[Health Update: I'm beginning to feel neuropathy (tingling/loss of sensation) in my fingers, which makes me feel arthritic, and I have a fair amount of pain/discomfort in my joints and muscles, but for the most part alleve and percoette take care of those Taxol side effects--which shouldn't last longer than another day or so. I'm definitely anemic and if my platelet count drops lower will probably need a transfusion and will need to postpone chemo, which also means I'm very fatigued lately. But other than all that, I'm doing OK--my brain is less fuzzy on Taxol than on AC, and I'm really *hopeful* that chemo brain is temporary!]
I've been thinking a lot about my death lately. I don't mean to be morbid and you shouldn't worry. It's not that I think that my cancer will spread and I'll be dead in the next five years. I mean, sure it could happen. But at this point, that scenario feels only slightly more likely than the one in which I am killed in a car crash. In other words, generally speaking I feel hopeful and positive about my cancer treatment (both drug and surgical related) and my chances of survival (remember, it's 84% survival rate for folks with stage 2 breast cancer), but lets face it, a cancer diagnosis and going through the rigors of chemo does leave one -- or rather leaves me -- thinking about my own future demise.
Because the reality is, whether it's cancer in the near or far future, another fatal disease, a fatal accident, or the rigors of aging, I will die. We will all die.
And I say this not to throw a dark pall over everyone--and I hope this doesn't freak anyone out, those of you who have a natural fear of death and dying, a natural denial reaction to our human state--but I've just been thinking about my mortality lately--and about what the end may look like, feel like, and more importantly, what I want to have done--how I want to have lived--before that day comes.
I've been watching films with certain death bed scenes--and both interestingly enough are films of stage plays that feature the luminous Emma Thompson: Wit by Margaret Edson and Angels in America by Tony Kushner. I don't want to give too much away for anyone who hasn't had the pleasure of seeing either/both plays, but lets just say that there are characters who die in hospitals in both--and whose deaths are portrayed rather starkly. And it didn't freak me out at all to witness this, perhaps because I assume (hopefully correctly) that my end will not look like that. I do not anticipate dying alone and lonely in a hospital room, in pain or in a coma. I don't anticipate living a life in which I would have no loved ones at my bedside--and I would hope that I still have the option of either hospice/palliative care so that my end will not be as grim.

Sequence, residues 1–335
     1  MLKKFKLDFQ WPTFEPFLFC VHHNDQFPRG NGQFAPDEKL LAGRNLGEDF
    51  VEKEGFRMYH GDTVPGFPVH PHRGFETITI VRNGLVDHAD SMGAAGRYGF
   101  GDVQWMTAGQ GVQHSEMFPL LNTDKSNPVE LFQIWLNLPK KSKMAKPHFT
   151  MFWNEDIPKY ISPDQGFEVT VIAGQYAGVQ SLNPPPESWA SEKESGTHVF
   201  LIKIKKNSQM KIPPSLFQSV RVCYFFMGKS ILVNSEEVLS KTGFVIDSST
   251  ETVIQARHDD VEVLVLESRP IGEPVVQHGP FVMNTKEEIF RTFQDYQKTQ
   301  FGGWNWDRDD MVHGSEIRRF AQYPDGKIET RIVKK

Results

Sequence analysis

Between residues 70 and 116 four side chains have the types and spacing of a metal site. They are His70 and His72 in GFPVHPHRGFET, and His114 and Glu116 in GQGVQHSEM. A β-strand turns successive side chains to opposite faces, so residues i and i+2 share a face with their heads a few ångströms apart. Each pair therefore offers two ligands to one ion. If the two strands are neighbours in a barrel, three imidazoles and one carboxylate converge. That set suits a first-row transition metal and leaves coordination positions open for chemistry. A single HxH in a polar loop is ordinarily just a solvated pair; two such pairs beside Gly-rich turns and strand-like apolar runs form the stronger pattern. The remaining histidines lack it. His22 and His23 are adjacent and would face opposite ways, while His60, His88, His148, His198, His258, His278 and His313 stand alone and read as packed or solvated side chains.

But as I said above, it's not so much what my end will look like, who will be with me, how I will feel, or what my last words will be (by the way, there's an interesting This American Life piece on "Last Words" if anyone is interested in listening to it), so much as what do I think my life will be like before I die--what will I have accomplished and how will I have lived?
And one thing that I feel blessed is that I think I've lived well. What I mean by this is that I really don't have any complaints or huge regrets. I've been very lucky--to have a profession I love, I have loving family and friends, and I live in a developed nation and have resources, economic and otherwise, that enable me to lead a very comfortable life.
Of course, this doesn't mean that I'm ready to go. And I'm not going to give you a list of things I hope to do before I die. I don't really have such a list--a bucket list if you will. I mean, yes, it'd be nice to walk on the Great Wall of China or to see Angor Wat. I'd like to raise a child and to finish my book. But I think what I'm trying to get at more is a spiritual or existential sense of what I'm doing here and what I want my life to mean, to count for.
And what I wonder is, what should my life be for? Clearly I'm not all that interested in increased wealth--being a university professor is not going to put me in the millionaire club anytime soon. And I hold no delusions of academic fame, which has to be taken with a grain of salt because being famous in your field of study really has little cache outside, well, your field of study. Do I hold delusions of philanthropic or pedagogical grandeur? Do I secretly wish for my Mr. Holland Opus moment? To be that inspiring professor who changes people's lives? Again, it seems fleeting and ephemeral and perhaps not the point of being a good teacher if you are hoping to get accolades like that.
So is it enough that I just try to be a good human being? Is that, perhaps, the thing that I should be focused on? Not worrying so much about career advancement or "making a difference" in the world, but simply to follow the medical oath of doing no harm. But is that really all that I should be thinking of? Shouldn't my life be more than just doing no harm--shouldn't I have goals and ambitions, dreams and desires, that I work towards? Isn't that also part of being human--to have want, to want things.
I don't really have any other words of wisdom (and who am I kidding, these musings are more random than wise) other than I do know, to return to the deathbed scenario, what I don't want.
I don't want to have regret. I don't want to have lived my life not doing things out of fear. I don't want to live a life without compassion and empathy. I don't want to live a life without passion and engagement. I don't want to live a life without intellectual curiosity and the pleasures of savoring meals in the company of people I love. And I don't want to live a life where I didn't try my best.
And maybe it would be nice to go to Tuscany too...